« Reply #11 on: November 21, 2014, 11:52:30 AM »
Holy hell.  Over $7 million and you didn't see a penny?  I know there are a lot of robots that would say an experience like that shouldn't affect your future decisions, but that is definitely a lot to swallow.  Good luck man!  You have done well to accumulate the cash you have.

NewStachian

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Re: Case Study: Too much cash
« Reply #12 on: November 21, 2014, 12:02:41 PM »
I can tell you if I was in your situation I would dump all the money into 6 ETFs: large cap, mid cap, small cap, 2 international, and a bond. But, that's me.

RichMoose

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Re: Case Study: Too much cash
« Reply #13 on: November 21, 2014, 12:03:35 PM »
I appreciate all the responses. I'm in my mid-40's (an "older dad") and my wife is 6 years younger than me.

Here is the explanation for my risk aversion: From the mid 1990s to the early 2000s, I worked for a high-tech company that experienced exponential growth. It went from a small startup to a world-wide company with over 10,000 employees. I had approximately 120,000 shares of stock in this company. The all-time high price of that stock was $60, while my cost ranged from about $3 to $20 per share. I was ready to retire in my early 30s, but all my eggs were in one basket. The market crashed, the economy entered a recession, and the company collapsed. I didn't sell a single share the entire time - I was confident that the only direction it could go was "up."

So, I'm a prime example of how human emotions can lead to irrational financial decisions. I was irrational then (I should have harvested the money and diversified), and I'm irrational now (I'm afraid of crashing and burning again). That's why I've been reading MMM, jlcollinsnh, and other FI/ER blogs for years, but only now am I reaching out to like-minded people.

While I sympathize your situation and understand why you are risk-averse, the only lesson to learn from this is: Don't put all your eggs in one basket.

Instead, be smart and buy index funds. Even the S&P 500 means you are putting your eggs in 500 baskets. Diversify!

This means, be tax-smart with your investments and maximize your tax advantaged accounts. With you earnings you should probably go with a Traditional IRA (see MadFientist for reasons why). In those accounts buy index funds. Anywhere from 60/40 to 90/10 stock bond split will do, but for you maybe 60/40 is a better bet. In your regular investment account buy international index funds first and take advantage of those tax credits.

hodedofome

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Re: Case Study: Too much cash
« Reply #14 on: November 21, 2014, 12:15:59 PM »
Consider the permanent portfolio, you should get at least inflation returns with very little volatility. I don't personally use it but for someone who is risk averse, it should allow you to keep what you have. I think it was down 15-20% at the worst of 2008, which I wouldn't expect to happen again for a long time.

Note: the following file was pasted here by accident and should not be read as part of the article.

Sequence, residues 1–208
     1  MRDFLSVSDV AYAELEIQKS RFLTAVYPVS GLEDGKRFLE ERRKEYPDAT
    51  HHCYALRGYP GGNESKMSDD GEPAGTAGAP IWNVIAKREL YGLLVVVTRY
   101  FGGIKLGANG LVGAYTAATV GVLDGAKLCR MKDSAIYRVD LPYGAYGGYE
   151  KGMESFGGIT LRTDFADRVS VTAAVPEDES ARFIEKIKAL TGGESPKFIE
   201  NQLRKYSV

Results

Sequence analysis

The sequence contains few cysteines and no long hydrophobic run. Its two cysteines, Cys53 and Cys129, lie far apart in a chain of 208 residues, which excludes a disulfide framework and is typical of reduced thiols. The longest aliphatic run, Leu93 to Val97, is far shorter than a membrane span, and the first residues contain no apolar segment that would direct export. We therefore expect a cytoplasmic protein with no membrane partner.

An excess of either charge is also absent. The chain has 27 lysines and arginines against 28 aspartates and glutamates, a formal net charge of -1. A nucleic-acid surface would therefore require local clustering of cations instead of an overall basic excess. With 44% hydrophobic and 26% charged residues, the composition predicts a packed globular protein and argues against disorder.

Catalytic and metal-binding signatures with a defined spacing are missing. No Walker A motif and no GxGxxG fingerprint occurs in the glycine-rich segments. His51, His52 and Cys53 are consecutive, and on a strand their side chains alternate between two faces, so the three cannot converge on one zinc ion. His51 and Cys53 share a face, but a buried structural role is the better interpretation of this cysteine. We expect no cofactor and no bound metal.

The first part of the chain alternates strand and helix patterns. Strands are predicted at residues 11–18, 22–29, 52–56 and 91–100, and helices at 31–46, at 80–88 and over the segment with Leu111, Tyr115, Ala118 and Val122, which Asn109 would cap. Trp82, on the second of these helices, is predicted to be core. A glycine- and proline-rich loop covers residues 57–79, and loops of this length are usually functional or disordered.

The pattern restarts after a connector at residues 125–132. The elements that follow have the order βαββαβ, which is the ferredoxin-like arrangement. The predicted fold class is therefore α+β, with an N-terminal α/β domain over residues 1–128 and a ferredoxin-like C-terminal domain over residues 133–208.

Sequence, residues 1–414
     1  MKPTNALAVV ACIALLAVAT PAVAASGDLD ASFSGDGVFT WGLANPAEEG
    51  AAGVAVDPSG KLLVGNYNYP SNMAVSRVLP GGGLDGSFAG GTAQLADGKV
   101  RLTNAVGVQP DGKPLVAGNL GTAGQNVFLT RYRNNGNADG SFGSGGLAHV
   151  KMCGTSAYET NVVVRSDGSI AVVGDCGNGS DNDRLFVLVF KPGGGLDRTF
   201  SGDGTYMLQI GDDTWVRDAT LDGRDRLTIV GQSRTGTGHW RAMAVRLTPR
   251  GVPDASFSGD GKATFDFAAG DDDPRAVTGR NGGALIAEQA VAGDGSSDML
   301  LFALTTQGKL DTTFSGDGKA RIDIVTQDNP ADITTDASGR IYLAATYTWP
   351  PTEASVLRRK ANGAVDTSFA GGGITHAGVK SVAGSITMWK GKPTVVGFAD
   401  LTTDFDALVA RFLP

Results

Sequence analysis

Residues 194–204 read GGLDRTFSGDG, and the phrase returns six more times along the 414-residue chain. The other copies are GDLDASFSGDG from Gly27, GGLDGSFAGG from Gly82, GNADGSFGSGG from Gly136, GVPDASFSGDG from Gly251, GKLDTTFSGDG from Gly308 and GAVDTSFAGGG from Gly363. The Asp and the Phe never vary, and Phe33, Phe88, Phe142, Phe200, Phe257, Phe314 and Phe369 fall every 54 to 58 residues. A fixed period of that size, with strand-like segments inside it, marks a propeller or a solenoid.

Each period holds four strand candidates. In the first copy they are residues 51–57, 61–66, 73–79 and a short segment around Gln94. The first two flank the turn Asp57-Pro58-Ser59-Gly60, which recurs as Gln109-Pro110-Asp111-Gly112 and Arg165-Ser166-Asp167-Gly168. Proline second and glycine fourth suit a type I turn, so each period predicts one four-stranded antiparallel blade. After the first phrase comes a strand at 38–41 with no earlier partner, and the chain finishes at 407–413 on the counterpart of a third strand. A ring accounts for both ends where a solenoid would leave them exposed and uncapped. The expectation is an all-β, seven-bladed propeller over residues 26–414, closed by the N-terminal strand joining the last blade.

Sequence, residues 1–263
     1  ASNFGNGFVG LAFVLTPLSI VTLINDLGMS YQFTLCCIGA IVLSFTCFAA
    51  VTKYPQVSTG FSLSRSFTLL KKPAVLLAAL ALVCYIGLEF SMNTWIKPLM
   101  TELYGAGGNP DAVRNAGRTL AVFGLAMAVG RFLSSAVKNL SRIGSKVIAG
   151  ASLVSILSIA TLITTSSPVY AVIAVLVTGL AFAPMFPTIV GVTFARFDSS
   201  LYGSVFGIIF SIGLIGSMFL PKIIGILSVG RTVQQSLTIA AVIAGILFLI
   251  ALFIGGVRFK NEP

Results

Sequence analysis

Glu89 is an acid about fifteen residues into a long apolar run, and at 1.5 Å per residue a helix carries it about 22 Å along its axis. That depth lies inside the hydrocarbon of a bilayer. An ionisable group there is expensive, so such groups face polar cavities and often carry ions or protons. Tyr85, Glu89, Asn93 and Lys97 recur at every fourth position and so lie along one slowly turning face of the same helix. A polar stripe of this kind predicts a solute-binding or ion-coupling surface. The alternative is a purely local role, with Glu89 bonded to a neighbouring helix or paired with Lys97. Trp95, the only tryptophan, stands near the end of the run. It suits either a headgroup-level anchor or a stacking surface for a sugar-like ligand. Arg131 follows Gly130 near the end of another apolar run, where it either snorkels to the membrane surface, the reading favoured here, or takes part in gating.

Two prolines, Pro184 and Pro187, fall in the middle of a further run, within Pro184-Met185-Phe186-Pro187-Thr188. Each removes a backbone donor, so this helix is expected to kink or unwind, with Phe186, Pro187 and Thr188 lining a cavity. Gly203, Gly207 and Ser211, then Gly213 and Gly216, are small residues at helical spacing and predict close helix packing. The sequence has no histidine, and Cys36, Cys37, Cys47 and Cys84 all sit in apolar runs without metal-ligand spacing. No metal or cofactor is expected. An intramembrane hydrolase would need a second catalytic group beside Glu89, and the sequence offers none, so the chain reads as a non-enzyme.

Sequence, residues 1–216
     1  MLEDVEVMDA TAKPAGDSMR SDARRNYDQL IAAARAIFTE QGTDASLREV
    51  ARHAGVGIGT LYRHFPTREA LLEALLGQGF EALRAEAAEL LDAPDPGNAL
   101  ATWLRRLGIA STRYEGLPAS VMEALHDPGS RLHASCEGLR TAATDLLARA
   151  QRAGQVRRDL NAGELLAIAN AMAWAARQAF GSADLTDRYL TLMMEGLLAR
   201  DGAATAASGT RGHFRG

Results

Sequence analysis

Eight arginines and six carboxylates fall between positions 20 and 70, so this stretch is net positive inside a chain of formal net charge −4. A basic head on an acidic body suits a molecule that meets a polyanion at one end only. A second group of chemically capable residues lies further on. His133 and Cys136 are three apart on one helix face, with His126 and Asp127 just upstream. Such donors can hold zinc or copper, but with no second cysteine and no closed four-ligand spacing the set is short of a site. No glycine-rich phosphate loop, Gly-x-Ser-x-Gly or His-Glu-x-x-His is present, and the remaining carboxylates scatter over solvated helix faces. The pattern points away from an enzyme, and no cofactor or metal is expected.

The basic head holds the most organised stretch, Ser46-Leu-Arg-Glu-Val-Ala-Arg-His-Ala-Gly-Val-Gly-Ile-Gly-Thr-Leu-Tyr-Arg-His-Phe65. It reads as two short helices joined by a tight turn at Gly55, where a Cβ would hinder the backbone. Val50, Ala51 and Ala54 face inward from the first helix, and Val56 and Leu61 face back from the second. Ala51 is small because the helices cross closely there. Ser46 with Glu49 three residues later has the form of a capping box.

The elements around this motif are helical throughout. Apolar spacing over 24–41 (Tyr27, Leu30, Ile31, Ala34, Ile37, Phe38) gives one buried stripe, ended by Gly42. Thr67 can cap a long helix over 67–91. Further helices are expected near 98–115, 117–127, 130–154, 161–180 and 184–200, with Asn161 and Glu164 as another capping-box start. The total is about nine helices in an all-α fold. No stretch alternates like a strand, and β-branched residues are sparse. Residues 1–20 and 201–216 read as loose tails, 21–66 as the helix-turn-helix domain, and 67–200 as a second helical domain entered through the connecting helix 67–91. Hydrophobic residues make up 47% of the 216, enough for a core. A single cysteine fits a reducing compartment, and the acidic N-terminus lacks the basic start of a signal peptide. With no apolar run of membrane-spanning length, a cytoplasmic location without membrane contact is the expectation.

Hondo

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Re: Case Study: Too much cash
« Reply #15 on: November 21, 2014, 12:56:30 PM »
Holy hell.  Over $7 million and you didn't see a penny?  I know there are a lot of robots that would say an experience like that shouldn't affect your future decisions, but that is definitely a lot to swallow.  Good luck man!  You have done well to accumulate the cash you have.

I hope my experience can provide a good example of how *NOT* to manage one's personal finances. Thanks for your response.

frugaliknowit

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Re: Case Study: Too much cash
« Reply #16 on: November 21, 2014, 02:25:51 PM »
You definitely need to put that cash to work.  I have no problem with your paying off the mortgage, then building cash, given that you are pretty risk averse and the market is on the high side.  Once it is paid, average into the market with index funds or etf's.

jamal utah

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Re: Case Study: Too much cash
« Reply #17 on: November 21, 2014, 04:14:25 PM »
Another thing to think about is adjusting your investing strategy so that you don't continue to accumulate more cash. I can understand your hesitation about dropping all of your cash into the stock market, but you should make sure that you are maxing your 401k and roth ira contributions and then look at increasing your automatic deposits into your separate investment account.  Of course this advice is moot if your cash was the result of a windfall.  Just my 2 cents.